Rupert Everett replaces Eddie Izzard in Broadway’s ‘Who’s Afraid of Virginia Woolf?’

The actor has replaced Eddie Izzard in “Who’s Afraid of Virginia Woolf?”

Rupert Everett has joined the cast of the upcoming Broadway revival of Edward Albee’s “Who’s Afraid of Virginia Woolf?” He takes over the role of George from Eddie Izzard. Everett last appeared on Broadway a decade ago in “Blithe Spirit.” He joins Laurie Metcalf (who recently appeared on Broadway in “Hillary and Clinton”) as Martha, Russell Tovey as Nick and Patsy Ferran as Honey. Directed by Joe Mantello, the production is slated to begin performances on March 2.

Rob McClure to leave ‘Beetlejuice’ for ‘Mrs. Doubtfire’

Rob McClure (“Chaplin”), who is currently playing Adam Maitland in “Beetlejuice,” has landed the title role in the upcoming stage musical adaptation of the 1993 family comedy “Mrs. Doubtfire,” which will receive its regional premiere in Seattle in November. David Josefsberg (“The Prom”) will take over as Adam in “Beetlejuice” beginning Sept. 24. “Mrs. Doubtfire” will have direction by Jerry Zaks (“Hello, Dolly!”) and songs by Wayne Kirkpatrick and Karey Kirkpatrick (“Something Rotten!”).

Ar’iel Stachel will wear ‘Technicolor Dreamcoat’ at Lincoln Center

Ari’el Stachel, a Tony winner for “The Band’s Visit,” will play Joseph in a one-night-only 50th anniversary concert production of Andrew Lloyd Webber and Tim Rice’s “Joseph and the Amazing Technicolor Dreamcoat,” which will be presented by Manhattan Concert Productions on Feb. 17 at Lincoln Center’s David Geffen Hall. The performance will be directed by Michael Arden (“Once On This Island”) and include a 200-person chorus. Past MCP productions at Lincoln Center have included “The Scarlet Pimpernel,” “Crazy for You,” “The Secret Garden” and “Parade.”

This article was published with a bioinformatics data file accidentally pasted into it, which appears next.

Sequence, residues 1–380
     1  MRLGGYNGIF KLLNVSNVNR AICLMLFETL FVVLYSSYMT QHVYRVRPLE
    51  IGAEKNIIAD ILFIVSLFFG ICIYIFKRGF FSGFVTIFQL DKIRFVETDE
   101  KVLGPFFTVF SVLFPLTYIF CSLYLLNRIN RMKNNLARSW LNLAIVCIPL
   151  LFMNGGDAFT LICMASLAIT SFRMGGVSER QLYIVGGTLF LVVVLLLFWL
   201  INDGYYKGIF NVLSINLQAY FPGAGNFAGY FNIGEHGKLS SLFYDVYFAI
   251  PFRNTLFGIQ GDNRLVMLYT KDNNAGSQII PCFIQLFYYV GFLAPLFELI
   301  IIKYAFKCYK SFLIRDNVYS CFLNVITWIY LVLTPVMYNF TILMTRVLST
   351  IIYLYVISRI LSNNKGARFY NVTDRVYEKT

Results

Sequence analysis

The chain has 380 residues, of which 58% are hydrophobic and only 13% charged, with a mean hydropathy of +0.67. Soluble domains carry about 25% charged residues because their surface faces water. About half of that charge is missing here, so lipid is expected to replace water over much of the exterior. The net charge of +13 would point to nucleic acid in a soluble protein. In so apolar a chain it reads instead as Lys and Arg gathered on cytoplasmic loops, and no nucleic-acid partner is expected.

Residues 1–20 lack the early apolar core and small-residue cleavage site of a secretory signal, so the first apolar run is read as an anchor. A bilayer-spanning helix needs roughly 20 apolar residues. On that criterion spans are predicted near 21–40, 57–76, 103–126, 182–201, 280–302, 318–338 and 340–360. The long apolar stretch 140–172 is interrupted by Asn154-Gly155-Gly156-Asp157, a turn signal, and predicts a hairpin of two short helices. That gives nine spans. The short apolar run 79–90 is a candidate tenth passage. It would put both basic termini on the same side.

‘The Jazz Singer’ to be explored in new theatrical piece

“The Jazz Singer,” historically remembered as the first full-length film containing synchronized sound, will be reconceived in “jazz singer,” a so-called “theatrical interrogation” by director-actor Joshua William Gelb and composer-actor Nehemiah Luckett that will explore racial and immigrant identity and the evolution of the Lower East Side. It will play a short run the Abrons Arts Center beginning Sept. 24. Gelb previously wrote a re-imagining of “The Black Crook,” a massive 19th century melodrama that is often cited by historians as an early step in the development of the American musical.

Spotted …

David Copperfield at “Derren Brown: Secret” … Alicia Silverstone at “Oklahoma!”…RuPaul at “Beetlejuice.”

Matt Windman